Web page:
Letters & Editorials 

Horse Sense  
EDITORIAL OF THE SUN | March 31, 2008

It looks like some progress could be made in the weeks ahead on the topic of the Horse Carriage trade, whose horses and carriages have for so many years delighted so many New Yorkers and tourists with their leisurely and joyful rides around Central Park. The progress will stem from the recommendations of the Horse Advisory Board that was created by the Department of Health. Its findings are up for approval by Dr. Thomas Freiden and then on to the mayor.

It strikes us as not a difficult decision, although things that seem logical don't always have an easy time in the city bureaucracy. Our David Pomerantz reported on Thursday that the Horse Carriage industry in the city has just brought in a report by a distinguished veterinarian attesting to the good health of the cheerful nags that pull the carriages. The critics are trying to discount the finding, because it was commissioned by the industry. But we can find no reason not to credit the veterinarian who visited the animals.

It happens that the editors who conduct these columns have spent a good deal of time around horses, and also have gone up to Central Park to see the horses there, and they certainly look happy to us. They live a lot better than many of the horses we have encountered over the years, and it wouldn't surprise us were the recommendations going to the health department to establish even more frequent physical exams and better traffic enforcement, among other things.

It would be nice to see something done about the odor, which is actually mainly from horse urine, on Central Park South. Ideally this could be dealt with by a system of spigots at the horses' staging area, which is something the industry has been seeking for years. It would enable the full-time maintenance workers who already are employed by the horse and carriage industry can wash the streets and gutters. It's a matter that's no doubt long overdue.

We gather there is talk about limiting the ages at which horses can do this drawing and the age at which they should be retired. It's not a matter we worry about; the horses currently get plenty of rest, in and out of the city, and the best persons to judge whether a horse is fit are the owners and drivers. But if requirements were to be set, it wouldn't bother us, either. We're always pleased to see an ever happier horse.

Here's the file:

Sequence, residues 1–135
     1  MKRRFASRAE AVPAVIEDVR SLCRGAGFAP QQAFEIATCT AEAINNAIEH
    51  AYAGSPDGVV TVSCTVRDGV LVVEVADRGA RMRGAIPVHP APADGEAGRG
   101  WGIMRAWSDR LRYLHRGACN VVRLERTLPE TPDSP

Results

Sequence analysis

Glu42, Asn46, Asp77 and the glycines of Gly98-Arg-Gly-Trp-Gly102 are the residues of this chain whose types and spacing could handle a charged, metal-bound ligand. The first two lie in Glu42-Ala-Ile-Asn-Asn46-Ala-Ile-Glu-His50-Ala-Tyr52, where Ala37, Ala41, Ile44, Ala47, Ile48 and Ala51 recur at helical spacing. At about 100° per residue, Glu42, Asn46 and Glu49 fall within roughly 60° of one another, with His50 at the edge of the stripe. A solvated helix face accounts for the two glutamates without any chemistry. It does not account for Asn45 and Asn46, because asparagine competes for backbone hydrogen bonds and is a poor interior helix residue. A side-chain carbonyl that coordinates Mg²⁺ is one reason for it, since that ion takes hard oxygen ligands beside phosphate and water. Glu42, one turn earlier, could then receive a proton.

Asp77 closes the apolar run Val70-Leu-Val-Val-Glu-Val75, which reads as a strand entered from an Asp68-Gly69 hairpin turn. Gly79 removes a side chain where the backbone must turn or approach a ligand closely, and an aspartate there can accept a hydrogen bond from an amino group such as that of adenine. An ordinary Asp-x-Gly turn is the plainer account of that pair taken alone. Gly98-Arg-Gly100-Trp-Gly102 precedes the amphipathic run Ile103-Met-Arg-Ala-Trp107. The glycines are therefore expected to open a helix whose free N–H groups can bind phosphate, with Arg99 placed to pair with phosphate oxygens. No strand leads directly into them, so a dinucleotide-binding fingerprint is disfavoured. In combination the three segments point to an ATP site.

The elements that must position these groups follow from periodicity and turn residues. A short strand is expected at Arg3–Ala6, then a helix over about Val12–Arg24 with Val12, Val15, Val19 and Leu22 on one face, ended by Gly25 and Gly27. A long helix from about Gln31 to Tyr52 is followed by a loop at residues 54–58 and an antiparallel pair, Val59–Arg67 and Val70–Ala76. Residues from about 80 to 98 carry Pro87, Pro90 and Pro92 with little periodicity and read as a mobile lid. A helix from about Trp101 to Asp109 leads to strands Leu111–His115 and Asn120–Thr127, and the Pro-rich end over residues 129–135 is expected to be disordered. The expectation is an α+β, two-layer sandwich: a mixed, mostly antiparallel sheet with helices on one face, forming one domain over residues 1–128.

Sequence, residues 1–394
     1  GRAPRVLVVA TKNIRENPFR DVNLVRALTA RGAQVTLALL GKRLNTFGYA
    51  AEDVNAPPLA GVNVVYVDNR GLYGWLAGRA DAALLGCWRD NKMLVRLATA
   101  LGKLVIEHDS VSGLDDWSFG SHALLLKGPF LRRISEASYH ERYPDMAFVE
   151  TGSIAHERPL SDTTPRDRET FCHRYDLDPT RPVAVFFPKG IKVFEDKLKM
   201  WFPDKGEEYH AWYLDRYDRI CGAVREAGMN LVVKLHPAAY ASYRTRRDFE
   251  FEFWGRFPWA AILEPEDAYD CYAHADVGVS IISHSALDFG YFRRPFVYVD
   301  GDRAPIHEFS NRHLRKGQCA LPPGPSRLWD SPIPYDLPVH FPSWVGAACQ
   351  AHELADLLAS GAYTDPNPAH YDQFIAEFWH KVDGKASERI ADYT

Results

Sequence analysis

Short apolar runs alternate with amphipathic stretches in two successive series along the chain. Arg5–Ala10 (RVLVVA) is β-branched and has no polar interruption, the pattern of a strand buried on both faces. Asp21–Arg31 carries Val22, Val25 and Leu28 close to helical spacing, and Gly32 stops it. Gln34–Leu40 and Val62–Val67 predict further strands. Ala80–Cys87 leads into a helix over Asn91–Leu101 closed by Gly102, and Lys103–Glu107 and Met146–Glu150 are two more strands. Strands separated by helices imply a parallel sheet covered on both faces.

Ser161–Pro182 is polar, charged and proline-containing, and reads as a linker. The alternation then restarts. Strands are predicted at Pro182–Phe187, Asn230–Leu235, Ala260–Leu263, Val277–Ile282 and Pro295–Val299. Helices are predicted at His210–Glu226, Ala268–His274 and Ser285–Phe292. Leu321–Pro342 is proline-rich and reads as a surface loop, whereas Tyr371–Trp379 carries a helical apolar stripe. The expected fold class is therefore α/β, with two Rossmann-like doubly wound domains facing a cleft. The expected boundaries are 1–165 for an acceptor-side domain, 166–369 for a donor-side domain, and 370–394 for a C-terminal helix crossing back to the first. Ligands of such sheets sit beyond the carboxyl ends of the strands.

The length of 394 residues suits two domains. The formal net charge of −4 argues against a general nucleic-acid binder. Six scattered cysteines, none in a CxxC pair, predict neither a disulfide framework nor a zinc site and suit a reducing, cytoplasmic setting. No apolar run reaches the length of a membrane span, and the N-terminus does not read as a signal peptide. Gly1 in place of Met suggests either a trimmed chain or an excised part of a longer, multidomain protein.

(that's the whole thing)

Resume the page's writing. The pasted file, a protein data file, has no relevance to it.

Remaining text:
The main point is that these horses and carriages — and the drivers who take the reins and care for the horses — are one of the great facets of life in New York. They may not be as famous as Broadway, or as astonishing as, say, the Guggenheim or as awesome at the Metropolitan Museum. They aren't big business. But they are a wonderful part of making New York special. They give romance to courting couples, they help new fathers and mothers delight their daughters and sons, and they bring relaxation and joy to grandparents from near and far. They deserve practical regulation and encouragement from a city that is lucky to have them.

Coalition To Ban
Horse-Drawn Carriages

A Committee of the Coalition For New York City Animals, Inc.

The Coalition for
NYC Animals, Inc.

P.O. Box 20247
Park West Station
New York, NY 10025


To honor
Bobby II Freedom
previously known as Billy
ID# 2873 rescued by the Coalition to Ban Horse-Drawn Carriages and Equine Advocates on June 25, 2010 from the New Holland auctions.

In memory of
Lilly Rose O'Reilly
previously known
as Dada ID# 2711
R.I.P.August, 2007